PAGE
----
Vitruvius

Vitruvius

Vitruvius was a prominent and widely celebrated Roman architect, author and engineer, whose work has continued to inspire the world even centuries after his death. He is best known for his influential treatise, titled “De Architectura” (On Architecture) that is considered a handbook for architects.

Historians have been unable to gather much information about the early life of Marcus Vitruvius Pollio, little that is known about his life, is through the works of Pliny the Elder and Frontinus. Vitruvius’ birthplace is either said to be Fundi, a city located between Rome and Naples, or Verona, located in Northern Italy. Historians suggest that Vitruvius hailed from an influential and affluent Roman family, and was educated in architecture, in addition to serving Caesar’s army with the engineering corps. Vitruvius conducted extensive travels with the army and is said to have served in Gaul, the fortress of Larignum and Marseilles. In 46 BC, he served the army at the Battle of Zan, and the Second Punic War in Zama, Northern Africa. Following Caesar’s death, in 33 BC, Vitruvius joined the army of Octavian as a military engineer and became involved in the development of aqueducts.

Vitruvius’ magnum opus, and only known work is the ten volumes of “De Architectura” (On Architecture), which he compiled during the last days of his life. This treatise is credited for Vitruvius’ rise to fame, and deals with his own experiences as an architect, as well as, an analysis of the works of other notable Greek architects including Hermogenes. It covers all aspects of architecture, however, its only limitation is the fact that all Vitruvius’ theories are primarily based on Greek models, and the world has departed from these ancient models through technological evolution. The ten books of De Architectura discuss city planning and designing, building materials; temple construction and the use of the Greek orders; public buildings (theatres, baths); private buildings; floors and stucco decoration; hydraulics; clocks, mensuration, and astronomy; and civil and military engines.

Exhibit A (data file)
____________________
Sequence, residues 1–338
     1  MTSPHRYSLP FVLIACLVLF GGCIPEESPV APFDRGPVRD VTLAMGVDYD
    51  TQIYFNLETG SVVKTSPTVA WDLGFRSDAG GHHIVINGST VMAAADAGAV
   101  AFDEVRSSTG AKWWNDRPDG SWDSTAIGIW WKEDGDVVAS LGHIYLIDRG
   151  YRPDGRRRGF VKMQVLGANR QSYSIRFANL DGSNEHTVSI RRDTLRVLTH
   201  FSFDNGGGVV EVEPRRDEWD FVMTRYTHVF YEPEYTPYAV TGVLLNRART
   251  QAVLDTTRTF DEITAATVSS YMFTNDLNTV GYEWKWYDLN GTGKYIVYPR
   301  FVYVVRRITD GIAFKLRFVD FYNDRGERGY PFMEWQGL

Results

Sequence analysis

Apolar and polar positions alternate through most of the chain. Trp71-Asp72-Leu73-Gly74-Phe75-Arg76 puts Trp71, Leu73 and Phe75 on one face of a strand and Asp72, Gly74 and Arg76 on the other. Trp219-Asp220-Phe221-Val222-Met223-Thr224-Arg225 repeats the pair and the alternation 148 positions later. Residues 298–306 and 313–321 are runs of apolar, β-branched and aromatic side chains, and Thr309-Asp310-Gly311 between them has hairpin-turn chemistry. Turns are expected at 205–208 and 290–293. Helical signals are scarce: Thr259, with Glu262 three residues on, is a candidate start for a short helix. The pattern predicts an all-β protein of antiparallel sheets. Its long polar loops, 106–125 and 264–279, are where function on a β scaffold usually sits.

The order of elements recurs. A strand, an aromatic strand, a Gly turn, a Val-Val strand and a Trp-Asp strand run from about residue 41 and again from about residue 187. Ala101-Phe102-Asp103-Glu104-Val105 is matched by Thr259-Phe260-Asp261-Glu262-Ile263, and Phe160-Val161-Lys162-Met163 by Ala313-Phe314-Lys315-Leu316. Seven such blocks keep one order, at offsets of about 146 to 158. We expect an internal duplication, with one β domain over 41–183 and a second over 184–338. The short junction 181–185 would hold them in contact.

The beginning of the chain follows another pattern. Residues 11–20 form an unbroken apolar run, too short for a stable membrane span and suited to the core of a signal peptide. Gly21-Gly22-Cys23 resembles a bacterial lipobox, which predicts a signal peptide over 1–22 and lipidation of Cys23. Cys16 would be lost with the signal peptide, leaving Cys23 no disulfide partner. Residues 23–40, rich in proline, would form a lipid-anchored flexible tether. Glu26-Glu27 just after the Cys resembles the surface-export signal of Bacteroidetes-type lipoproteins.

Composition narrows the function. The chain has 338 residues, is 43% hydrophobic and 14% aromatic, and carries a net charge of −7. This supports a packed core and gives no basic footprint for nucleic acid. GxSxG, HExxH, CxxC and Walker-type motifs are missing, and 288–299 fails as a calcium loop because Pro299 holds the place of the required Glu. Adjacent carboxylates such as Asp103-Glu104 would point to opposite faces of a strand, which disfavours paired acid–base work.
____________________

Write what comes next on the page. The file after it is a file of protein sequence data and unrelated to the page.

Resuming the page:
The first book deals with the motivation and learning of an architect, and Vitruvius goes on to discuss the basic elements of architecture while designing and planning a city, such as observing the direction of the wind while planning the direction of the streets. The second books deals with the origins of architecture, and discusses a variety of building materials including, bricks, sand, lime, pozzolan, stone and timber. The third book discusses the symmetry of the human body and temples, along with a set of guidelines instructing on the proportion of columns and the rules for constructing Ionic temples. The book VI discusses temples in great details, it provides guidelines about temples doors and altars, and cites the examples of Doric and Tuscan temples. The book V deals with the construction of public buildings, including the forum, the basilica, the theatre, the palaestra, the baths and harbours. The sixth book is about private houses of Roman and Greek style, and focus on symmetry, proportions and climate.

The seventh book contains instructions on various types of interior decorations including, stucco work, fresco painting, and also, it discusses the material required for producing artificial and natural colours. The eighth book deals with water, how to locate it, and the dynamics of rainwater, aqueducts, wells and cisterns. Book IX deals with astronomy, and the use of mathematical tools such as doubling a square, constructing a right-angled triangle, the principles of sundials and water-clocks among others. The last and final book discusses the use of machinery in engineering, both for construction and military purposes, Vitruvius lists down and explains the methods of using a pulley, water-screw, the pump of Ctesibius, the hydraulic organ, the hodometer, and other military machines such as scorpions, engines, tortoises etc.

 


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